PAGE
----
Pilot, please report to the autonomic astronav unit.
Pilot, please report to the autonomic astronav unit.
I waited for Maria longer than usual. She usually would vanish for only minutes at a time, sometimes lingering to play with another one of the children in the nursery, but eventually, she’d always come back to me, at least for a little while.
I haven’t seen her all day, which was strange. Today, I turn six in standard years. The nursery was quiet. I usually play by myself or with Maria when she comes she takes me to sit by the window. She balances me on her lap and sings me the names of all the stars we see swiftly drift by us as the space station spins. I can name them all myself now. It’s my favorite game to play — who can name the stars first. When I win, she gives me a hug and wipes the smudges of chocolate off my chin or shines the metallic patch on my forehead. We laugh together too.
I sat by the window mumbling star names to myself when the pressurized nursery bay doors hissed open. I turned to look. It wasn’t Maria, as I’d hoped. It was the director. She had stern, dark eyes. I had never seen her smile, even though she often spent all day with Maria. Whenever I see her, I turn away, and look out the window, and try not to make a sound. I almost shrieked when she tapped my shoulder.
“Happy birthday,” she said softly. I looked at her. My eyes were wide and guilty. “Come with me, please,” she said. “You’re not in trouble. I promise.”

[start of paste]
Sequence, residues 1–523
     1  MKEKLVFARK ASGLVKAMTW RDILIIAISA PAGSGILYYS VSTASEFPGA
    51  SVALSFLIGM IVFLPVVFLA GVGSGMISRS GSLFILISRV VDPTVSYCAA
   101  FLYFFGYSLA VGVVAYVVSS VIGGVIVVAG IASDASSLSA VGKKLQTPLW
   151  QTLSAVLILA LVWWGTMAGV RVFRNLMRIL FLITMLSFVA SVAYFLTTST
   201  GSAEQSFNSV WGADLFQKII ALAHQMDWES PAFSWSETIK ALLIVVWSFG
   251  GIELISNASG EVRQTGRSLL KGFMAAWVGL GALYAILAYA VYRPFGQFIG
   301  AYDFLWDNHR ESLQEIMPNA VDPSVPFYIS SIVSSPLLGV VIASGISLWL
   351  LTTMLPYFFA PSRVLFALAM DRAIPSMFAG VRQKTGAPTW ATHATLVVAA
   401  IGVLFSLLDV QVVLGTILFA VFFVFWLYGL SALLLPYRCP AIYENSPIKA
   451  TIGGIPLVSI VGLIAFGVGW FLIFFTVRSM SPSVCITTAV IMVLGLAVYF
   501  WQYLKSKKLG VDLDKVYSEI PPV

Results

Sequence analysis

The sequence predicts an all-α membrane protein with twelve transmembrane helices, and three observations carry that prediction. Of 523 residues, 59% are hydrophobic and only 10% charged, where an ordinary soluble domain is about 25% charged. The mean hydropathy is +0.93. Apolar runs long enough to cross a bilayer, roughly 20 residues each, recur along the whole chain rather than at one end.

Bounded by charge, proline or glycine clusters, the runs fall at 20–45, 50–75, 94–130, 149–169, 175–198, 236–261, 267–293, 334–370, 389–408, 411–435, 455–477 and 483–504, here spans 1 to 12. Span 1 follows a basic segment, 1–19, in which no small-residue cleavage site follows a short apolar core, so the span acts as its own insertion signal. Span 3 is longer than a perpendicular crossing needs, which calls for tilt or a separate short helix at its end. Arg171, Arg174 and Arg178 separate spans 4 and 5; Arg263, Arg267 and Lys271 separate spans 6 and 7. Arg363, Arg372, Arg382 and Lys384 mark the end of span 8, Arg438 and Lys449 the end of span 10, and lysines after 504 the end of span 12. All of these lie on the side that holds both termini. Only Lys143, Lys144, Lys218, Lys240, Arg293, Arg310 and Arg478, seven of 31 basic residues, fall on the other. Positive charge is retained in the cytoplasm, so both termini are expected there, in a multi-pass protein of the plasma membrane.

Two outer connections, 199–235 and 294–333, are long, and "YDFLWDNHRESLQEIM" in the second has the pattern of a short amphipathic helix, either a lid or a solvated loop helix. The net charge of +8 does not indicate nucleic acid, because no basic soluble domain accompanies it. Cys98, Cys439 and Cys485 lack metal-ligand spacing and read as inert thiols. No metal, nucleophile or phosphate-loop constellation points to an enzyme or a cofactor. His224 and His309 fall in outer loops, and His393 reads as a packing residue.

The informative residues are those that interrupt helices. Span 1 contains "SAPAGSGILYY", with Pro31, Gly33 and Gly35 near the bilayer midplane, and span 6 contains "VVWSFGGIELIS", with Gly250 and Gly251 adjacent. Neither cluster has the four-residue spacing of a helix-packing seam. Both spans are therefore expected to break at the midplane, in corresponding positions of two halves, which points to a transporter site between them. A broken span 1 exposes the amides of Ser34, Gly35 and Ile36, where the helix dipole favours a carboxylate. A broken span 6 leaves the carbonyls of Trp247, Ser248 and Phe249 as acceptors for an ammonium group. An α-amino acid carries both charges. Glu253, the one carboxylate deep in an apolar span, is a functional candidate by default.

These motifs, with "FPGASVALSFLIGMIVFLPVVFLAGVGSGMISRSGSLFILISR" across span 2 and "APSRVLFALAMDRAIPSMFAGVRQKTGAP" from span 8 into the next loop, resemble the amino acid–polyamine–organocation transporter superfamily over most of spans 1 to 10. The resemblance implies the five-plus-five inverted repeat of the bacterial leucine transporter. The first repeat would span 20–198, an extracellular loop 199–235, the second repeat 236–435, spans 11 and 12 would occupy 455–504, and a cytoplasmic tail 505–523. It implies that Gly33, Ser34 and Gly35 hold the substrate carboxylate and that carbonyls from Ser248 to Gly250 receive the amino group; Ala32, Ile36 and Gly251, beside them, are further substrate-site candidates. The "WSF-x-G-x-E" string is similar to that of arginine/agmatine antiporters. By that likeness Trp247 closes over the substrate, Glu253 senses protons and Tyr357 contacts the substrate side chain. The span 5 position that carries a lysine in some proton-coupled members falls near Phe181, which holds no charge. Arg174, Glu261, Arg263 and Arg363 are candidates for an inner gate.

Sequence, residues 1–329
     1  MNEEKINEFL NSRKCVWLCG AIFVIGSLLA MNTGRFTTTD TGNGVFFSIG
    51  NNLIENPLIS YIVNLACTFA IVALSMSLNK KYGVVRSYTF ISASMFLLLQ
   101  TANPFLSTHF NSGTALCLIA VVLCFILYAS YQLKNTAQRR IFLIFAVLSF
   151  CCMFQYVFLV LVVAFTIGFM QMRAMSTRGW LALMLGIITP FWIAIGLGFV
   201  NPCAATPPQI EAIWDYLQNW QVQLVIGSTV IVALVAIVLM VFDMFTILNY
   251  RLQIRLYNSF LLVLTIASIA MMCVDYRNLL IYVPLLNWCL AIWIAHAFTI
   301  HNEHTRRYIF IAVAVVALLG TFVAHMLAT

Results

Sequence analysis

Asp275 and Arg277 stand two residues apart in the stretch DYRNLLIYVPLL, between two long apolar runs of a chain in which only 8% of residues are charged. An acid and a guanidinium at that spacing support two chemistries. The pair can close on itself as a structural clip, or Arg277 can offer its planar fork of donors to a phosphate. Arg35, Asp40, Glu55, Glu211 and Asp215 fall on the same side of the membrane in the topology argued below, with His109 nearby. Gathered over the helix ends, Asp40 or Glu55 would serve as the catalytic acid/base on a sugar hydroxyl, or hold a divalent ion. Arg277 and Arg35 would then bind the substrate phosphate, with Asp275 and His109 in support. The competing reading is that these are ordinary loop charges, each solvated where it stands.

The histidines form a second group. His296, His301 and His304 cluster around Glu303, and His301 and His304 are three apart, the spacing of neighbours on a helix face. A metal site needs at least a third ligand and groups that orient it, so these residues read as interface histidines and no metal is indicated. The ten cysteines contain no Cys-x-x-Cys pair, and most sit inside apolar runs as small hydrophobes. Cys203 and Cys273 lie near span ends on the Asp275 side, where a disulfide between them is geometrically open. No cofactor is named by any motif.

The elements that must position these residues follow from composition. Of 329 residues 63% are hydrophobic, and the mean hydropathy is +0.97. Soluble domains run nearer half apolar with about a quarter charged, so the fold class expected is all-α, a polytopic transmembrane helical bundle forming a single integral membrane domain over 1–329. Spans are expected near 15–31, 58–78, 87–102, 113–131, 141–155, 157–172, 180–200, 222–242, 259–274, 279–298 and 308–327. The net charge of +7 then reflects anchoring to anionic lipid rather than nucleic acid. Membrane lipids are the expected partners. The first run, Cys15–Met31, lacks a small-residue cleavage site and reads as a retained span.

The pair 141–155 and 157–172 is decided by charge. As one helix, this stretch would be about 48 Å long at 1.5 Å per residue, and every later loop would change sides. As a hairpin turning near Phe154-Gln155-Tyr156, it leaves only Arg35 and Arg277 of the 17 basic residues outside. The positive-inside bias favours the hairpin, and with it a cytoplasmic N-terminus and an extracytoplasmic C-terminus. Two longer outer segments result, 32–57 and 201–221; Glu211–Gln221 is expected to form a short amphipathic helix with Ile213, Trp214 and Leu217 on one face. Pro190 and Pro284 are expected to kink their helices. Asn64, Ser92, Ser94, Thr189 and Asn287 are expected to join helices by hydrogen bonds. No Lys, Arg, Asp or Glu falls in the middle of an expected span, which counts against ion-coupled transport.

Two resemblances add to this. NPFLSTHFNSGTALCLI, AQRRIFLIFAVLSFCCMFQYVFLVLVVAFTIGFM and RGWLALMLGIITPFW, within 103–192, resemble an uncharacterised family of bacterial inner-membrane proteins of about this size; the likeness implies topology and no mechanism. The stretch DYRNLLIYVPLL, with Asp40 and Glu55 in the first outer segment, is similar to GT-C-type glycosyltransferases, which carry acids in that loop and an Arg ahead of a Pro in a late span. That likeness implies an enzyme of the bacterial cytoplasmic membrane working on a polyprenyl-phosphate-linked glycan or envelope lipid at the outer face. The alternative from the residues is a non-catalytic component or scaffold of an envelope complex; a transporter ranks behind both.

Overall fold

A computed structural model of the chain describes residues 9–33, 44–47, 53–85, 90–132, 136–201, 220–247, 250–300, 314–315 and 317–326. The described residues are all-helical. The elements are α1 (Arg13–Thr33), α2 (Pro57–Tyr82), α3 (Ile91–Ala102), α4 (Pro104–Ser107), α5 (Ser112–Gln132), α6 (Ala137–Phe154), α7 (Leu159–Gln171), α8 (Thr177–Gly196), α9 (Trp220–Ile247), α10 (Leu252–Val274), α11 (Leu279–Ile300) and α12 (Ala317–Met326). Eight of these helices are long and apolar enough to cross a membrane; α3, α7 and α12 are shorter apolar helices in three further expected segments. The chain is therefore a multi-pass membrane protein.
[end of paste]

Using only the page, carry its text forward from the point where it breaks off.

She took me by the hand. My palms were already sweaty. My hands looked so little in hers. She led me down a long grey tunnel that seemed to wind aimlessly away from the nursery door. I didn’t know this place. I clutched her arm. The world outside the nursery station was monstrously big. Even the windows were bigger. The stars looked further away than I ever imagined. They didn’t have the same familiar spin of the station I knew, and I couldn’t name them all, even as I searched them in my memory base.
At the end of the cold corridor, the director finally opened the door to a large room enclosed entirely by windows — no walls. I suddenly noticed my memory base console. It had become impossible to ignore the constant relays. It produced a complete astronav report. “I know where we are,” I muttered automatically. The director cracked the slightest smile. “Do you know where we’re going?” she asked. I was surprised to hear the slightest sympathy in her voice. I gave a timid nod. She put a bony hand on my shoulder. “Good. No one knows this place better than you.” She gestured vaguely to the star-freckled blackness all around. She wheeled around and left, leaving me in the star-room all by myself. I already knew what this was.
I used to have a friend. He seemed older than me by a few birthdays, but he would play with me by the window sometimes. We’d sit together and pretend to be light-beams racing through galaxies, transmitting our differential gravity images to one another. We would almost choke on our laughter seeing how twisted a galaxy might look in the other’s eyes when we changed our velocities even slightly. He and I shared the same name — Pilot. One day, the director took him away.